A schnauzer who survived the earthquake was pulled out of the rubble of a collapsed building by rescuers in Mexico City last Sunday. Search teams were still digging in dangerous piles of rubble, hoping against the odds to find survivors at collapsed buildings, where the death toll from the Sept. 19 earthquake rose to over 300. The dog’s rescue gave hope to residents and neighbors of the building who successfully got an injunction from a judge requiring the rescue operation continue for at least five more days. Photo: Alfredo Estrella / AFP – Getty Images

There are more photos.

Let’s go surfin’ now.

We close as we always do with our closing video.

A seven-minute video within a larger art exhibit called “Art and China After 1989” is getting massive backlash before it’s even been shown to the U.S. public.

The piece, set for a three-month presentation at New York City’s Guggenheim Museum starting Oct. 6, is titled “Dogs That Cannot Touch Each Other.” The video installment features four sets of dogs who resemble pit bulls, strapped to treadmills and exhaustively charging at each other. The clip, first shown in Beijing in 2003, was created by controversial husband-and-wife artists Sun Yuan and Peng Yu.

New York’s PIX 11 News reports that the dog video, which is part of 150 different art pieces, is generating so much controversy that many animal activist groups, and even some artists, are either actively protesting the exhibition or currently planning to protest it.

UPDATE: Under pressure, the museum cancelled the exhibit, and issued this statement:

“Out of concern for the safety of its staff, visitors, and participating artists, the Solomon R. Guggenheim Museum has decided against showing the art works ‘Dogs That Cannot Touch Each Other’ (2003), ‘Theater of the World’ (1993), and ‘A Case Study of Transference’ (1994) in its upcoming exhibition ‘Art and China after 1989: Theater of the World.’ Although these works have been exhibited in museums in Asia, Europe, and the United States, the Guggenheim regrets that explicit and repeated threats of violence have made our decision necessary. As an arts institution committed to presenting a multiplicity of voices, we are dismayed that we must withhold works of art. Freedom of expression has always been and will remain a paramount value of the Guggenheim.”


Rob’s job: herd hundreds of sheep daily. Coming from a long pedigree of Scottish border collies, he was born to do this job, and he relies on deep instinct to make quick decisions and swiftly outmaneuver the flock.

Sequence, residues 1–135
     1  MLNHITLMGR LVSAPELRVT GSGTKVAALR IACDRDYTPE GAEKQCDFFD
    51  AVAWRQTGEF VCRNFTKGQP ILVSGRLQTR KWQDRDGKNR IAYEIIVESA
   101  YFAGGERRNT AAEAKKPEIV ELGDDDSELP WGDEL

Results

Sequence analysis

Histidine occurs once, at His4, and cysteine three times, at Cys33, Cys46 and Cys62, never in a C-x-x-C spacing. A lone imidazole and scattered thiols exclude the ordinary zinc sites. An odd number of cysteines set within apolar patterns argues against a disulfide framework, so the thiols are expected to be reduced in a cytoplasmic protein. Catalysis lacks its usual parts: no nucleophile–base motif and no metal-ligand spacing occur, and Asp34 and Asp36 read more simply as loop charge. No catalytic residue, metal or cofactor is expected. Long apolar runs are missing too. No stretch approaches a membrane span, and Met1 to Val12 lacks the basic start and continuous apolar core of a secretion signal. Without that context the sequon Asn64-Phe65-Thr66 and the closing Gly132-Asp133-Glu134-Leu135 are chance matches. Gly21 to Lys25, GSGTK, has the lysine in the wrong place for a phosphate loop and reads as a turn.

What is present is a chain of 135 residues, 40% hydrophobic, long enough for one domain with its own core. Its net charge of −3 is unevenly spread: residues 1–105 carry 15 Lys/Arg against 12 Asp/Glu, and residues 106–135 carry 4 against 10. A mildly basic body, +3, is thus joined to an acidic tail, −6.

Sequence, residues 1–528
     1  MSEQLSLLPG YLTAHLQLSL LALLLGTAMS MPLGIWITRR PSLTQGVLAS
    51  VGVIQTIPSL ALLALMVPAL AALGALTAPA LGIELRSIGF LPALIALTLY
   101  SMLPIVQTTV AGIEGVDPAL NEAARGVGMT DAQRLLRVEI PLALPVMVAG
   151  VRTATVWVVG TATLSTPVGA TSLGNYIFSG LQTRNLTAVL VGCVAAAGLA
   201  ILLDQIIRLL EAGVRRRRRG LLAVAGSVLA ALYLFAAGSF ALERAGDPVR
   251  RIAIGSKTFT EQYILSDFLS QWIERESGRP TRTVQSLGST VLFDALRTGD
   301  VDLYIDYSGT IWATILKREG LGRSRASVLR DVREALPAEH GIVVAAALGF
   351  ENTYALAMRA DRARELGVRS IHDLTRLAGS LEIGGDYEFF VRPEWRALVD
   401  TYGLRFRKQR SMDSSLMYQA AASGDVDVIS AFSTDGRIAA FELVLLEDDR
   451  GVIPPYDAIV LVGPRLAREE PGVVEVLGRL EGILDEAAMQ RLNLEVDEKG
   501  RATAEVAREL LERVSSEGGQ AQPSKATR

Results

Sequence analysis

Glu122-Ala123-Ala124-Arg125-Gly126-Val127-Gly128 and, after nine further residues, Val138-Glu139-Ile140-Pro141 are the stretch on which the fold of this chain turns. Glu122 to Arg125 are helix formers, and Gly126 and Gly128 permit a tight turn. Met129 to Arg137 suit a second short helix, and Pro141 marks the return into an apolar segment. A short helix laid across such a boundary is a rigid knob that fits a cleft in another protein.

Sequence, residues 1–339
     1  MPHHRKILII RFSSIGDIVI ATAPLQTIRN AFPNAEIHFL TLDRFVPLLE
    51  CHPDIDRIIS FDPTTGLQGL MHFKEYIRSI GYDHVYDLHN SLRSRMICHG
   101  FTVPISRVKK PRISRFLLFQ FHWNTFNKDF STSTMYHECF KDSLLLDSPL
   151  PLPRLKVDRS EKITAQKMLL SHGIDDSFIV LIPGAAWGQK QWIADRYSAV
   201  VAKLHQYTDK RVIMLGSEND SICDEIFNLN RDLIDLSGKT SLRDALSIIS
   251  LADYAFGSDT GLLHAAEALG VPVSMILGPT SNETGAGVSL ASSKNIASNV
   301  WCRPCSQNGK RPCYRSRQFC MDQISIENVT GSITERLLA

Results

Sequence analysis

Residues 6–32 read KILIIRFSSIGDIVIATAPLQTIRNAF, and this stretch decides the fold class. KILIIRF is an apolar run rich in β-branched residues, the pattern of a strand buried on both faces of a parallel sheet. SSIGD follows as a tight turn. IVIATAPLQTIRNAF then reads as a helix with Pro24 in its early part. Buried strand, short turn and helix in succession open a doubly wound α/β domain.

Finally, meet Holly…

That’s it for this week.

Thanks for stopping by.

We’d really appreciate it if you forward this on to other dog lovers you know. Let them have some fun!

See ya, BARK, next Saturday!



Goodnight everyone, and have a classy weekend!

Every Friday night we smooth our way into the weekend with music, the universal language. These selections demonstrate that despite what is being passed off as art today, there is plenty of really good music available. Come along and enjoy.

I’ve wanted to do a Friday night feature like this for some time.

Because I’m not a purist I don’t get my nose out of joint when a traditional piece of classical music is altered, jazzed up, livened up, contemporized.

Back in the 1980’s when I anchored the morning news at WUWM I recall National Public Radio’s Bob Edwards interview with Liberace, “Mr. Showmanship” who hailed from West Allis.

Liberace told Edwards that when it came to his treatment of classical music he merely “took the boring parts out.”

This week, non-classical takes on the classics.

Let’s get start with this brief clip. It was written by one of the greatest composers of all time.

Bach is credited with over 1000 known compositions including more than 200 cantatas, one of them  you just heard.

Jesu, Joy of Man’s Desiring was composed in 1716 and revised in 1723.

You often hear it played reverently, slowly at weddings when the bridal party enters for its procession.

Would Bach have objected to any tinkering, perhaps a more upbeat tempo? Maybe not.

The poet Robert Bridges wrote text inspired by Bach’s piece. Here’s an excerpt:

Jesus remains my joy,
my heart’s comfort and essence,
Jesus resists all suffering,
He is my life’s strength,

my eye’s desire and sun,
my soul’s love and joy;
so will I not leave Jesus
out of heart and face.

More than 300 years after Bach, a group of studio musicians was formed by multi-instrumentalist and arranger Tom Parker who could play piano, other keyboards, clarinet, saxophone, trombone and trumpet.

At the age of six Parker was playing piano. In his teens he could be found performing in clubs in London. During the 1960s he was a session musician, and was member of The Animals.

Parker’s group Apollo 100 released their first recording in 1972 that went to #6 on Billboard’s Hot 100.


There were other singles… “Beethoven 9,” “Valleys,” “Mendelssohn’s 4th,” “Classical Wind,” “Custer’s Last Stand,” “Listening to Mozart” and  “Orange Blossom Special.”
But they didn’t chart, and Apollo 100 disbanded in 1973.

Our next musical selection dates all the way back to the 1890’s and one of the most revered composers of his time.